Garden Party

Ah, a lovely garden stroll.
Pity we can't see her face...
but it looks like a hat that Baba would wear.

And what's this?

Armed henchmen? Chicken wire?

Tut-Tut, dear, that doesn't seem a bit friendly!

Sunday, September 04, 2005

All Soul's Day Wedding

I chanced upon this little wedding this afternoon as I strolled the Garden. I didn't dare speak, but held my breath and watched from behind a juniper tree while they pledged their (no pun intended) undying love. Finally, proof positive that love transcends space and time. I felt a warm glow in my heart as they spoke their vows. The guests were all of the undead variety, too. I think I may have spied Kaspar at the little soiree.

Friday, September 02, 2005

Baba's All Soul Day Celebrations

I wondered as I left the House of Baba Yaga if the strange creatures who live here know of Dia de Muertos, The Day of the Dead.

It seems like something she would celebrate....

From mid-October through the first week of November, markets and shops all over Mexico are replete with the special accouterments for the Dia de Muertos (Day of the Dead). These include all manner of skeletons and other macabre toys; intricate tissue paper cut-outs called papel picado; elaborate wreaths and crosses decorated with paper or silk flowers; candles and votive lights; and fresh seasonal flowers, particularly cempazuchiles (marigolds) and barro de obispo (cockscomb). Among the edible goodies offered are skulls, coffins and the like made from sugar, chocolate or amaranth seeds and special baked goods, notably sugary sweet rolls called pan de muerto that come in various sizes invariably topped with bits of dough shaped like bones and, in some regions, unadorned dark breads molded into humanoid figures called animas (souls). All of these goods are destined for the buyer's ofrenda de muertos (offering to the dead).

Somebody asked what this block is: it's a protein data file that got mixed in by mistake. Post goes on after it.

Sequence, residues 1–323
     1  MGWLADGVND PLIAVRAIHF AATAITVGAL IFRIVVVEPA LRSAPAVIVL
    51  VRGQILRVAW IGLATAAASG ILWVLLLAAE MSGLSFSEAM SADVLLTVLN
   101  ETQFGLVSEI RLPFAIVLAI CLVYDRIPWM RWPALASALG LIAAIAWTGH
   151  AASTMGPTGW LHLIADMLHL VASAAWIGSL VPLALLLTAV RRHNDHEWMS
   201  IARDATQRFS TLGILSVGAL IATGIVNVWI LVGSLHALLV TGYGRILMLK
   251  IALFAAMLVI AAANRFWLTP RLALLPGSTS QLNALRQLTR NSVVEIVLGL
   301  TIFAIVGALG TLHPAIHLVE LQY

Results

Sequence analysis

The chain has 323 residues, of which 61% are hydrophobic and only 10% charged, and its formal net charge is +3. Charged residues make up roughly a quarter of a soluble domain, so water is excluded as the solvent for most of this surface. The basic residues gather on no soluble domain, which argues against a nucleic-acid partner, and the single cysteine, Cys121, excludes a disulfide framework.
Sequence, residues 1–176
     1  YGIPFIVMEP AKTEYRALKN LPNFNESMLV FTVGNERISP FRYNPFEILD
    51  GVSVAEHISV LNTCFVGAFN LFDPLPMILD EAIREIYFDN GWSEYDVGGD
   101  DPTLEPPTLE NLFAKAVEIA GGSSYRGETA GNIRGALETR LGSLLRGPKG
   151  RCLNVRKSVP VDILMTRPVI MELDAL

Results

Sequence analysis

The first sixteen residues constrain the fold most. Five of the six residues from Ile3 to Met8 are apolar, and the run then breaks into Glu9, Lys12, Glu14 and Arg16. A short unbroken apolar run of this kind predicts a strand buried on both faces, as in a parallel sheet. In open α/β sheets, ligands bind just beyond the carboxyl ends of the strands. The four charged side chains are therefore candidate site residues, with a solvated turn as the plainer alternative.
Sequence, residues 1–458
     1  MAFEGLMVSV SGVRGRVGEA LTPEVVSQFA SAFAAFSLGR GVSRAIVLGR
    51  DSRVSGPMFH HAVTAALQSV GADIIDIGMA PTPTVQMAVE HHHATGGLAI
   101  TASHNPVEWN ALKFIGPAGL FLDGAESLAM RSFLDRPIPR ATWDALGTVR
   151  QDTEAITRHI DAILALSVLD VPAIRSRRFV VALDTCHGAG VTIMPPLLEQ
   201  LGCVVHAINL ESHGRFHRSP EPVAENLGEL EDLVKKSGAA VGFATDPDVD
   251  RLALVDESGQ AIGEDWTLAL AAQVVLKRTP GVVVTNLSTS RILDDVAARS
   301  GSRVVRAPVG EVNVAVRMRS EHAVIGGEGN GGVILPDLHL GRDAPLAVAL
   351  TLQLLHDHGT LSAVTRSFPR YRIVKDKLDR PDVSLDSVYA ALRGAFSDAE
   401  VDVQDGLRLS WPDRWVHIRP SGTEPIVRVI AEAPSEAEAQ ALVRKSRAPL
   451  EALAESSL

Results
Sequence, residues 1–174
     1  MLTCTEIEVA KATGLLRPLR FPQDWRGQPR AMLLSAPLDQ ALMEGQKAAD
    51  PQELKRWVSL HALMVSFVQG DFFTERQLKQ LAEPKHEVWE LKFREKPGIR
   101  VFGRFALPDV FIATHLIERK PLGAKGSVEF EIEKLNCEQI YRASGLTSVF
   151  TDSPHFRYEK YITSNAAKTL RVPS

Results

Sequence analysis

In most localities November 1 is set aside for remembrance of deceased infants and children, often referred to as angelitos (little angels). Those who have died as adults are honored November 2.

Anita Marie

We most certainly celebrate the Day of the Dead here in the realm of Baba Yaga and this year will be one continuous festival right through October up until November 2. It will be totally wicked.
Sibyl Enchanteur